If you don't stock flatware from WMF or HEPP, you may be in for an upsetting surprise. When you have a moment, take some time to really examine your flatware selections. Compare spoons with spoons. Put your knives down on the table -- side by side -- to see what they look like.
The way words twist together can tell us a lot about where we're from and how we did things in the past. This is especially true when it comes to food.
To the unfamiliar, it might look like a spoon with a small defect. For many chefs however, it’s a must-have utensil in their restaurants.
Eating is one of the most basic things we do as humans. When we no longer have the ability to eat the way we normally do, this can be traumatic and demoralizing. It's at this point where physical health can affect mental health.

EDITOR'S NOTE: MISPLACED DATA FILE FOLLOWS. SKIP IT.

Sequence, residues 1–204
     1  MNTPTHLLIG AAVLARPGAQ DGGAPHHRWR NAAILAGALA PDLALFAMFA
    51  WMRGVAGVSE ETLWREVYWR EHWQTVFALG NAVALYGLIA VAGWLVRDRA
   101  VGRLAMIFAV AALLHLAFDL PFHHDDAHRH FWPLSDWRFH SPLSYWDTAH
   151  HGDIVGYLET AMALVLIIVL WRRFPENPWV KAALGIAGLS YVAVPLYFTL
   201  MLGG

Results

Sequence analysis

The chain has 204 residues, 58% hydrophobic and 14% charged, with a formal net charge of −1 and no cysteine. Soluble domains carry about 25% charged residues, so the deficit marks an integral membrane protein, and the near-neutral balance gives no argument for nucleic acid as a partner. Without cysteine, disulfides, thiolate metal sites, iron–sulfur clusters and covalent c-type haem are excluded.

Spoons are for soup. Knives are for cutting meat or other large food items. Forks help you eat those bites. But why are these items collectively referred to as silverware? Here's everything you need to know about the history of silver as a metal choice for flatware and dining utensils.
For as long as humans have been eating, they’ve needed an eating utensil to scoop up the food. Sometimes cupping your hands just didn’t do the trick. And that’s when the spoon took its rightful spot at the table.